Woodman Folk Club - Reviews
|Woody*||1 November 2019||
Hi Woody, here again with the latest review.
November already. The start of a new month and a new guest to the club. Roger Davies is a musician – either on his own or with his band – an artist, but, first and foremost a Yorkshireman. Something that shows itself not only in his accent but in the subject matter of his songs. In contrast to several of our recent guests Roger is easy going, softly spoken, with a dry, often subtle sense of humour. He is, he says, a self-taught guitarist, accomplished none the less, with a style that suits the songs he plays, the majority of which are his own compositions. He mentioned more than once that he currently lives in Brighouse, which we have all heard of, but may not know is situated between Leeds and Huddersfield. He is full of praise for the audience, appreciating the applause and our attempts to join in with him.
His two sets comprised many of his own songs plus covers such as Raised On Rock ‘n Roll, written for Elvis and performed by him and others such as Johnny Winter of all people. What a contrast, between the three, Roger’s version being more Buddy Holly than anything. Bill Withers’ Lean On Me – which was again just right for Roger was blended into the second set.
The advantage to Roger’s two sets was that I managed to find all his own songs on his various cds, which means that if you liked what you heard you could take them home with you or download later. Songs In Plain English provided it’s fair share; for Halloween; The Ghost of Lily Fogg, a spectre from Halifax; Here For You, with its improvised guitar solo; Always A Song In It Somewhere, about an aspiring young musician; The lilting Stephanie – the first time I’ve ever heard that name in a song; Percy Shaw, the man who invented Cat’s Eyes after a visit to his Halifax local – another first; and Time Goes By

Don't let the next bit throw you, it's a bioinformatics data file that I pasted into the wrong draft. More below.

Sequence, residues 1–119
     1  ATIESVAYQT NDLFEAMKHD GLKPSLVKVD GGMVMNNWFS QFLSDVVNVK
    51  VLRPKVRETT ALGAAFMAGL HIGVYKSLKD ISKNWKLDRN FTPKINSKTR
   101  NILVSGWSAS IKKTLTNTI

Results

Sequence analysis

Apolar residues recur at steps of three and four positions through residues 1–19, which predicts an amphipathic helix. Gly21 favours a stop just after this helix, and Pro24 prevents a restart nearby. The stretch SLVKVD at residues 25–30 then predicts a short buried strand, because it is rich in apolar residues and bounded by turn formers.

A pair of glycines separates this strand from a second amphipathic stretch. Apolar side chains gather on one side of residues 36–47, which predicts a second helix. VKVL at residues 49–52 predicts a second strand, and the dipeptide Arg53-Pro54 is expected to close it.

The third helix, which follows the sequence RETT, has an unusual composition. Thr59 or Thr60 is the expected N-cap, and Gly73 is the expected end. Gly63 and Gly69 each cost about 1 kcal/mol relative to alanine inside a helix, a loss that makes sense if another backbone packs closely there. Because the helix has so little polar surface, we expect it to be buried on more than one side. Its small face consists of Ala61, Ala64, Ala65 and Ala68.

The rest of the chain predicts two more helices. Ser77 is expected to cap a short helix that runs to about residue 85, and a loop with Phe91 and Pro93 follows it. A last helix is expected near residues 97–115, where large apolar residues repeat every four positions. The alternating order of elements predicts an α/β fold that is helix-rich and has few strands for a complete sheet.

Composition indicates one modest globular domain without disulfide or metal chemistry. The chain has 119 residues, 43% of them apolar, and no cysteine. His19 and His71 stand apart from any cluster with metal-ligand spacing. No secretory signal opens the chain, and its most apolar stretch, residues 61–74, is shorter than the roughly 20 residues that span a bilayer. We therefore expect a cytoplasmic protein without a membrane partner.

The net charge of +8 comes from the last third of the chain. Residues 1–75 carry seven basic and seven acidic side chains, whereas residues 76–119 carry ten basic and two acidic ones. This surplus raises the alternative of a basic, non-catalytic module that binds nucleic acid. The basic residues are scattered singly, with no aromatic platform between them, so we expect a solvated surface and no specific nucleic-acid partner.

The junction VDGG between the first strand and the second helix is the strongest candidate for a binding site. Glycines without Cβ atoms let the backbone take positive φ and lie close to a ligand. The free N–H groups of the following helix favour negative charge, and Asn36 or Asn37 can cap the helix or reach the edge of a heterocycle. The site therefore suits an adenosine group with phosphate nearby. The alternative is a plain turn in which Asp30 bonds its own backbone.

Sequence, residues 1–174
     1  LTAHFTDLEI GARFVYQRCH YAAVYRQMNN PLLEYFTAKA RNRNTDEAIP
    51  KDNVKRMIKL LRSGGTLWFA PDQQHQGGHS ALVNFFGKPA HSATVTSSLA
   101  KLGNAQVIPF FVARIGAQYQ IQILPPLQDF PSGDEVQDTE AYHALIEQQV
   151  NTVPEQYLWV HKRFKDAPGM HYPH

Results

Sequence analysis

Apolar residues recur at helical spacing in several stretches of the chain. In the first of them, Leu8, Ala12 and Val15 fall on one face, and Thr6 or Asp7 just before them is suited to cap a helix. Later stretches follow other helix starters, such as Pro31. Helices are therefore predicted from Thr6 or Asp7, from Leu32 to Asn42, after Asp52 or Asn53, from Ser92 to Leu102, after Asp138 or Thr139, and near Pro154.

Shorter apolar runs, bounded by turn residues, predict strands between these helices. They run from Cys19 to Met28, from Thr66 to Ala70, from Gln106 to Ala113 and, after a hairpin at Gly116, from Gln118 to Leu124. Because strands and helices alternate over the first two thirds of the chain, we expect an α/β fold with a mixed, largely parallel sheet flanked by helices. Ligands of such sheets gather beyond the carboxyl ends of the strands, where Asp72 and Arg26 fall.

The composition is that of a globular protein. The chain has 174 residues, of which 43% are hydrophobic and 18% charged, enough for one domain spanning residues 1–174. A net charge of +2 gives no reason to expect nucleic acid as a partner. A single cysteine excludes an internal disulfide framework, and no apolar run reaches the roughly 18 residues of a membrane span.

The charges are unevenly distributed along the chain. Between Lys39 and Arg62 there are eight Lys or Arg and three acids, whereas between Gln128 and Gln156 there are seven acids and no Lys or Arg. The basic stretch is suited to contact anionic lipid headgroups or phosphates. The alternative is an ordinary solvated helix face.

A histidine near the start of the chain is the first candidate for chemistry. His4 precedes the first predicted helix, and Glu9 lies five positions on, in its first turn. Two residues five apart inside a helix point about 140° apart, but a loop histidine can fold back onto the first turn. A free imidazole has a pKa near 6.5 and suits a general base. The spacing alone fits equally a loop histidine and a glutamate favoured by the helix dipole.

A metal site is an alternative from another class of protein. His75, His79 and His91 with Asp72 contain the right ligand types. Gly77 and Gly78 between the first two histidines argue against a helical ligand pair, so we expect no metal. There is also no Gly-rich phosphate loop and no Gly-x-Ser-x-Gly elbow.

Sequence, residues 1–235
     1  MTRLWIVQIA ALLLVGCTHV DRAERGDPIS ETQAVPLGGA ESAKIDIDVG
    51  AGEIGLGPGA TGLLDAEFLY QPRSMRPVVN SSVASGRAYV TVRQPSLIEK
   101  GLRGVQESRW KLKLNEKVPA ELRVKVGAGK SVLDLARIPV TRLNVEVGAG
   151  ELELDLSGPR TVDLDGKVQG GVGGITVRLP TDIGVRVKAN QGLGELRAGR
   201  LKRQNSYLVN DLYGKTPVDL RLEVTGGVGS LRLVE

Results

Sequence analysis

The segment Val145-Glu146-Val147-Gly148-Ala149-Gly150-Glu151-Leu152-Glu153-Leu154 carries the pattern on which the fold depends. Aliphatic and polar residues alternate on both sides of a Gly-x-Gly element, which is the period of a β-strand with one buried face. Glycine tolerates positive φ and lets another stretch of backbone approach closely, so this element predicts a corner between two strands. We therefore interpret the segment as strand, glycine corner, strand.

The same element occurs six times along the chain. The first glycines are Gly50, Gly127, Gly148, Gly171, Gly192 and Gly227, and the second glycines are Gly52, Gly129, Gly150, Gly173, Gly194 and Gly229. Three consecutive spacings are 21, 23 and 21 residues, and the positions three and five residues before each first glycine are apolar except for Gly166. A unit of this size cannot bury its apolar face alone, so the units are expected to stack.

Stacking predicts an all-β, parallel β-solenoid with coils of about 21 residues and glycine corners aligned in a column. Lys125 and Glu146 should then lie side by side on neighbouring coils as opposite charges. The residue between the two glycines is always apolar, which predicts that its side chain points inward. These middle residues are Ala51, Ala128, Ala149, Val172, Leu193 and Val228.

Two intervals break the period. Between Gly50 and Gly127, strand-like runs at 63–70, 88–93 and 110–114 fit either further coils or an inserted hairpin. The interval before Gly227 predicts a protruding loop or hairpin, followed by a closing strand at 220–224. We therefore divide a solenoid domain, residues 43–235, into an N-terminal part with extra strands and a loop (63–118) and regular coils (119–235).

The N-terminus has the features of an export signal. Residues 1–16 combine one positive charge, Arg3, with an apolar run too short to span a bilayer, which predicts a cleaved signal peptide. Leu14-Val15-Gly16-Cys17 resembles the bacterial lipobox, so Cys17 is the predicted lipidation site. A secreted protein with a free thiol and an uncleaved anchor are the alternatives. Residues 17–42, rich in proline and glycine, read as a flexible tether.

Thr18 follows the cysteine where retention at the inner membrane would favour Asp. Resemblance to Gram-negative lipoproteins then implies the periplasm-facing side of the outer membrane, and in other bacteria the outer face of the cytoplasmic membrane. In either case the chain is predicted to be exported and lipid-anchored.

From The Busker we had; Brighouse On A Saturday Night, which he has played with the famous brass band. Peter Brookes’ Paintings – gave him the chance to tell us about his own ambitions to be a painter which he put aside when he discovered music and has recently successfully returned to. So much so that he now regards himself as an artist more than a musician. Into The Sun provided a lively start to the evening and I Think I Hear Destiny Calling the encore.
Overall a pleasant, amusing and almost restful evening with someone I know Debbie and Derry have been trying to get to the club for some time.
In conclusion I have to mention, in the nicest way, that I have over seen many guests at the club, clothed in a variety of costumes, but never have I seen a guest dressed so sartorially elegant in a collar and tie plus waistcoat, no sign of denim at all. Another first I believe.
So, once again, this is me, Woody, signing off for this time. And as usual;
A wonderful night was had by all, here’s to the next one.
* Notes taken by Les Jones, who also typed up the review, but the views expressed are
those of Woody, the club mascot.